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How to Sue for PTSD

Think about the last time you heard an ad on the radio or TV for a personal injury attorney. How often have you heard the phrase “pain and suffering” included in the kinds of damages an attorney can recover for victims? Pain and suffering can refer to both emotional and physical injuries suffered by victims due to someone else’s negligence or deliberately harmful actions.

Physical pain and suffering can be easier to validate in a legal case since it often comes from physical injuries that can be medically documented. Emotional pain and suffering cause mental and psychological distress that is not often visible. For instance, emotional trauma from a car accident triggers a panic attack any time a victim must get into a car. The effects of this kind of emotional anguish can be long-lasting and negatively impact a person’s overall quality of life.

What is PTSD?

Post-traumatic stress disorder (PTSD) is a type of emotional pain and suffering. Symptoms of PTSD include debilitating anxiety, flashbacks, and nightmares. Most victims who survive traumatic events have difficulty adjusting and coping. For most, the struggle is short-term, and they eventually work through it to regain normal functioning. With PTSD, the side effects can linger for months or years and interfere with daily living.

Symptoms of PTSD usually begin a month after a traumatic event. PTSD is classified into four types: avoidance, changes in physical and emotional reactions to stimuli, intrusive memories, and negative changes in mood and thinking. Some of the most common symptoms of PTSD include:

  • Angry outbursts or aggressive behavior.
  • Difficulty concentrating.
  • Easily startled or alarmed.
  • Irritability.
  • Trouble sleeping.

People suffering from PTSD can re-experience the trauma and find themselves triggered emotionally by activities, people, and places that remind them of the traumatic event.

Does PTSD count as a personal injury?

Yes, absolutely. Most personal injury attorneys include PTSD in an emotional distress claim as part of a personal injury lawsuit. When a victim suffers psychological injuries brought on by physical injury or a traumatic event, an experienced personal injury attorney can evaluate the situation and seek guidance from a psychologist who can support the claim of emotional injury. Any costs you incur for the diagnosis and treatment of your PTSD can be included in your request for damages in your personal injury claim.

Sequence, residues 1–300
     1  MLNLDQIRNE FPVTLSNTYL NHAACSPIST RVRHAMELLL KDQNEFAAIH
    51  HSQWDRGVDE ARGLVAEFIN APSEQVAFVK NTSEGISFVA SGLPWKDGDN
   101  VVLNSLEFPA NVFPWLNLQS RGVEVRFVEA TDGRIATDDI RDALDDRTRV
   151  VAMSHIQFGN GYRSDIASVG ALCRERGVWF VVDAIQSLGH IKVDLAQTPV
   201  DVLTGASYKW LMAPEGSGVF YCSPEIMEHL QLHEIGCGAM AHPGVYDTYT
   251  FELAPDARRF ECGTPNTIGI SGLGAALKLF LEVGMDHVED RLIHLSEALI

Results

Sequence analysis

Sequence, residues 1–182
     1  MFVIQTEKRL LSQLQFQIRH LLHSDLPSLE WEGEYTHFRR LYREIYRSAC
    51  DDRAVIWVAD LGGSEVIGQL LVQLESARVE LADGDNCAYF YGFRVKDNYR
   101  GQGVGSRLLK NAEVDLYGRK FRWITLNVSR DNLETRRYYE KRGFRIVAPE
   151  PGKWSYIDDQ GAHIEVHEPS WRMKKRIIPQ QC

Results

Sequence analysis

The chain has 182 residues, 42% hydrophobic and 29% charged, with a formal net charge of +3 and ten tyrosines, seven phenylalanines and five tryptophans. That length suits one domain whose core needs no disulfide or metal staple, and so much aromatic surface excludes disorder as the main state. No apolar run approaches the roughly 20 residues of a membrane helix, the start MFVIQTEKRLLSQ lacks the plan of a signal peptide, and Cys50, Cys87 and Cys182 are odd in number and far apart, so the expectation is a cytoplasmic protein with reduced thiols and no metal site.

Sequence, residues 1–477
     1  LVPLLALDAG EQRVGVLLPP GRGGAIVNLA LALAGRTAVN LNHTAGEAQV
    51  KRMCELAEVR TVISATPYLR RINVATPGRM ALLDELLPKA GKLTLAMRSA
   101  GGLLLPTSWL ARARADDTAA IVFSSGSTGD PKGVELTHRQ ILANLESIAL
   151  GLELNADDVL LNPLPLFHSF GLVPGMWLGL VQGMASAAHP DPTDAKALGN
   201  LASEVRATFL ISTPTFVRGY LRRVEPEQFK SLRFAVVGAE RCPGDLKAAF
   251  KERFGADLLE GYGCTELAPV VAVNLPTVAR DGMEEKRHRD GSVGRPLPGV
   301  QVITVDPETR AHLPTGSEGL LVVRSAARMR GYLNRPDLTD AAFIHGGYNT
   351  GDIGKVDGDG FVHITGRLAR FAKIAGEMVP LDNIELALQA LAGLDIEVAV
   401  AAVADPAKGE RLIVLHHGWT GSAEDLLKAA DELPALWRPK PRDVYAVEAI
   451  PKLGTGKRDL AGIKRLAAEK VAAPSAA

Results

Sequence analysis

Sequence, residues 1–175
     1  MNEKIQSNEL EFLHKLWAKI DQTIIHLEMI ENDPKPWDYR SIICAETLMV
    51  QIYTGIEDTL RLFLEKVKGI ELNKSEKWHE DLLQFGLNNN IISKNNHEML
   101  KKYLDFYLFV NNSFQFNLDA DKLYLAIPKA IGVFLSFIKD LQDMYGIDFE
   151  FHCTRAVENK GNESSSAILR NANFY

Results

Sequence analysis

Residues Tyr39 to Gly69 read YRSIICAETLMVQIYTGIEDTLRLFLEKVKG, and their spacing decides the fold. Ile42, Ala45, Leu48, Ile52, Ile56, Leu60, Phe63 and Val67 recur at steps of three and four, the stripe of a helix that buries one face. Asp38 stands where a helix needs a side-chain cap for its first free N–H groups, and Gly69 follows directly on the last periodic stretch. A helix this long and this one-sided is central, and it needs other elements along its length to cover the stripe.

What types of accidents cause PTSD?

In New Mexico, the number one cause of PTSD in the general population is car wrecks. With traffic crashes on the rise in New Mexico, it increases the likelihood that more people will explore suing for PTSD as part of a personal injury claim. Other accidents that can cause PTSD include:

  • Falling from a significant height.
  • Injuries from a faulty product.
  • Medical malpractice.
  • Nursing home abuse or negligence.

Any accident has the potential to leave victims with PTSD. The more serious your accident or injury, the more extensive the emotional trauma.

How do you prove PTSD?

Proving PTSD is more complicated than confirming a physical injury. The first thing you will need is an official diagnosis of PTSD from a qualified medical professional. Psychologists and psychiatrists can evaluate victims and provide supporting documentation of PTSD. Your attorney may call on the doctor who provided the diagnosis to testify to the fact in court if your case is not settled. Expert witnesses must do more than simply state a victim has PTSD. They must provide supporting evidence of their diagnosis. Since emotional trauma is subjective and some people are not convinced it is real, your expert witnesses must be compelling and convincing if called to testify before a jury.

Eyewitnesses to a victim’s suffering with PTSD symptoms also can provide testimony in the case. They can recount instances when you have displayed signs of PTSD and how it has affected your quality of life.

Can you receive monetary compensation for PTSD?

PTSD is considered mental trauma in a personal injury lawsuit. As such, you can receive compensation for this form of suffering. If your case is not settled out of court, you can expect a jury to use these factors when calculating damages for PTSD.

  • Lost wages or decreased earning capacity. If a medical professional testifies that PTSD has decreased your ability to work, those lost wages will be calculated into your total compensation.
  • Pain and suffering. Some juries use a multiplier method while others prefer a per diem method. The multiplier method uses the total sum of all medical expenses and multiples it by 1.5 to 5 percent. Per diem methods calculate damages using a “by the day” rate that incorporates a person’s daily wage earnings and multiplies it by the number of anticipated days of pain and suffering from PTSD.
  • Severity of injuries. PTSD causes lasting physical and psychological issues that require ongoing medical care. A jury looks at the perceived cost of treating your PTSD and factors that into an award.
  • Punitive damages. Especially egregious or malicious acts of carelessness or negligence can elicit punitive damages from a jury to punish the plaintiff for their actions.

Pursuing a PTSD claim in New Mexico

PTSD is real and it affects more personal injury victims than most realize. If you suspect you suffer from PTSD after an accident or injury, the experienced and caring attorneys at Atkinson Law Firm can help. Scott Atkinson is the leading personal injury attorney in Albuquerque, NM. His excellent track record of representing personal injury victims makes him a good choice when pursuing your PTSD case. Call 505-944-1050 or contact us online to schedule your free consultation.

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